Thursday, November 19, 2009

Motorists run gauntlet on highway

Bring on 2010! Let these incidents be highlighted in the international press.

By Graeme Hosken

Gangs of armed robbers are attacking motorists on the R21 Highway - the main road linking OR Tambo International Airport to Pretoria.

The gangs, which are also attacking construction workers upgrading the highway, have left a trail of terror behind them over the past three months.

The gang's ambushes, which have included attacks on businessmen and a US Aid agency employee, have left at least four motorists and a security guard at a construction site seriously injured after they were shot by the robbers.

The most recent attack took place last Tuesday night when a businessman was shot in the legs as he was changing a flat tyre on his car.

The robbers, who number between eight and 20, operate between the Tembisa Road Bridge and the N1/R21 interchange between 9pm and 4am, with most of the attacks occurring near St George's Hotel.

The attacks are carried out with the robbers either lining rocks on the highway or throwing debris off bridges into the path of oncoming cars.

They target motorists using the north-bound lanes.

While police have known about the attacks since September, they have done little to warn the thousands of motorists who use the highway every day of the dangers.

The only warning has come from the Pierre van Ryneveld community policing forum (CPF) which recently cautioned motorists about the attacks.

While police claim that they are conducting clandestine operations to catch the robbers, they seem to be operating with impunity as there have been no arrests.

Businessman Jannie Schoeman recently survived an attack when he was held up near St George's Hotel.

He was returning home from Midrand along the Olifantsfontein Road when he hit a pothole.

"As I stopped and got out to change the tyre, two men armed with knives attacked and forced me into a field.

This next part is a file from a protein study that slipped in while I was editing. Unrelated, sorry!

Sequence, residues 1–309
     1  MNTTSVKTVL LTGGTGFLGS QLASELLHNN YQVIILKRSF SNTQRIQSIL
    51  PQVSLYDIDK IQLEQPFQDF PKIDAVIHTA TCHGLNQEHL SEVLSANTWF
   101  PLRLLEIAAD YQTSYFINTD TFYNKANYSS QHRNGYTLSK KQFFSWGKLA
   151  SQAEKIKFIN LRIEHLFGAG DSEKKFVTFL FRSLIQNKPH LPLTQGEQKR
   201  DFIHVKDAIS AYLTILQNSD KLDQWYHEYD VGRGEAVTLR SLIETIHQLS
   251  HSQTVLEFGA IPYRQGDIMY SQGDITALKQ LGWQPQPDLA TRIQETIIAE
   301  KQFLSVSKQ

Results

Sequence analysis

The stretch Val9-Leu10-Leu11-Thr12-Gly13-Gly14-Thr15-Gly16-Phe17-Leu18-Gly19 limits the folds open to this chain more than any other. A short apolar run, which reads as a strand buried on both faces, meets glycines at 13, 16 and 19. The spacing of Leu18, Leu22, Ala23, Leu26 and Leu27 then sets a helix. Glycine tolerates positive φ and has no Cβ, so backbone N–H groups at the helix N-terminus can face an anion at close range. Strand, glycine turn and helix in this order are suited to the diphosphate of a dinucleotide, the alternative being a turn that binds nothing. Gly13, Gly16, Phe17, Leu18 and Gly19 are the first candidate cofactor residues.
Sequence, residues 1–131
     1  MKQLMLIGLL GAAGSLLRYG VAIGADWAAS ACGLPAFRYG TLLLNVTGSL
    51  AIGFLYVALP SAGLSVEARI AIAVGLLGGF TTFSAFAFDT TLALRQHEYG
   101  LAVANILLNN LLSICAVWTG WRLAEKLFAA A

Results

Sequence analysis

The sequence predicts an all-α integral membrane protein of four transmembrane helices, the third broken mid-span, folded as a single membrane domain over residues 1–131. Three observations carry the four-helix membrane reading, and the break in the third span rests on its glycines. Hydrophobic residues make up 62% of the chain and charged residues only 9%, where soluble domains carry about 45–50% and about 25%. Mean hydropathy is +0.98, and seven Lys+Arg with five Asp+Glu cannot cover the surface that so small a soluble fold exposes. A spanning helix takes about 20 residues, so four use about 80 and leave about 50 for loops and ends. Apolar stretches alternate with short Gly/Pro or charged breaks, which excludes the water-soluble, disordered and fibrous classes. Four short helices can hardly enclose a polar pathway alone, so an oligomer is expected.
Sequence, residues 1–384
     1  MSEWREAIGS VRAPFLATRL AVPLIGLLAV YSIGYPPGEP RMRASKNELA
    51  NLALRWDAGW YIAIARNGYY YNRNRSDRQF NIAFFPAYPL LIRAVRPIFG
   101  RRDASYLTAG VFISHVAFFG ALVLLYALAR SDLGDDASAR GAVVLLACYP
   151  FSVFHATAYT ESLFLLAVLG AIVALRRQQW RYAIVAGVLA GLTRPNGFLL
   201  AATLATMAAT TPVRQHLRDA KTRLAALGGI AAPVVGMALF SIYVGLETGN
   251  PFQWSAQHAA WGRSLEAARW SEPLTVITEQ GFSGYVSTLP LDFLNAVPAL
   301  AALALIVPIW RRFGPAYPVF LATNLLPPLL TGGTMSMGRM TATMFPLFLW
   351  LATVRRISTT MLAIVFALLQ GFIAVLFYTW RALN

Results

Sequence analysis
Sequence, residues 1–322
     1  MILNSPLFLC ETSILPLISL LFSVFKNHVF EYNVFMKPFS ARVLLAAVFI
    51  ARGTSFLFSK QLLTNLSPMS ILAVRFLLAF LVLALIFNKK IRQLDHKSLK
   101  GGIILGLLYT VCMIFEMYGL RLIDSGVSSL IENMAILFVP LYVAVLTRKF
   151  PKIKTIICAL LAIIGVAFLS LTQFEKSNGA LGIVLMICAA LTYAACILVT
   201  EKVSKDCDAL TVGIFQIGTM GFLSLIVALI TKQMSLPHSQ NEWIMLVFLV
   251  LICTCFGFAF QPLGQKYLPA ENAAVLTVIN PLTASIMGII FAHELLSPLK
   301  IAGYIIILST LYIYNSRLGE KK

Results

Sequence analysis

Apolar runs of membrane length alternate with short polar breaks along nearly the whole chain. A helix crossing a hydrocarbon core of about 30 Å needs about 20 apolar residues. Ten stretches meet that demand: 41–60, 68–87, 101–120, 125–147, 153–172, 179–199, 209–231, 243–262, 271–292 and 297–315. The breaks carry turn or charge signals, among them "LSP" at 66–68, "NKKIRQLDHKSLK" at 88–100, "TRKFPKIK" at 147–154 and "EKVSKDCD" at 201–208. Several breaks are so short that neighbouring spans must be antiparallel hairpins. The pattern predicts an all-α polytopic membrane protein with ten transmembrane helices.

"They stole my watch, wallet and cellphone. When I tried to escape they grabbed me and tied me up with barbed wire," he said, pointing the scars on his wrists.

The men eventually let Schoeman go, threatening to kill him if he did not reach the road within two minutes.

"I was terrified. I thought they were going to kill me," he said, adding that the Lyttelton police had been useless in trying to solve his attack, which had taken place in broad daylight.

He said that when he offered to take the detective investigating his case to where he was attacked the policeman was not interested.

"It is just a matter of time before someone is killed," Schoeman said.

US Agency for International Development employee Thobekile Finger said she and an airport shuttle service driver were attacked in September as they returned from the airport.

"We hit a rock on the road. When we stopped to change the tyre, a group of men ran at us shooting. We tried to escape, but they caught us," she said, describing how a robber pushed a gun into her face and threatened to kill her.

She said the men demanded their valuables, which they stole before they fled.

Henk Kaal, a construction site engineer on the Sanral R21 upgrade project, said there had been several attacks on the highway's construction sites.

"Three weeks ago one of our site guards was shot in the stomach at the N1/R21 interchange by thieves stealing batteries.

"As well as attacking the construction sites, the robbers also drop rocks off bridges onto motorists travelling beneath," said Kaal.

CPF spokeswoman Willa de Ruyter said they were concerned about the attacks, "especially with the sudden increase in the past weeks and the fact that the robbers do not hesitate to shoot".

CPF chairman Sampie Niemand said that in one of the attacks robbers shot a city businessman in the leg as he tried to change his car tyre.

"Fortunately, he was able to drive off and stop near Irene Village Mall to get help," he said.

Niemand said the attackers were stealing laptops, cellphones, money and valuables such as jewellery.

He urged motorists who hit rocks or other debris on the road to continue driving to the nearest safe place if possible.

Police Inspector Duane Lightfoot said police were conducting clandestine operations along the highway.

4 Opinion(s):

Doberman said...

Crime is spilling out of the seams. It has entered the mainstream fabric of South African society. To expect crime is normal. To expect not to die in a crime incident is a bonus. Well done all liberals, you must be proud of your creation.

Anonymous said...

Dobes - the libs are usually the first to high tail it when the going gets tough. They've long run off to cause mayhem somewhere else and left the good people to clean up their mess. Those libs remaining are the ones that are employed as managers by BEEEEE companies as payment. Bunch of turncoats the lot of them.

Anonymous said...

South Africa -
Alive with possibilities !

Anonymous said...

Surely anyone stopping at man-made obstacles that are not a normal part of the roadway can use a cell-phone to contact any of the road assistance organisations (e.g 1011 etc) and wait for assistance to arrive befor getting out of a vehicle?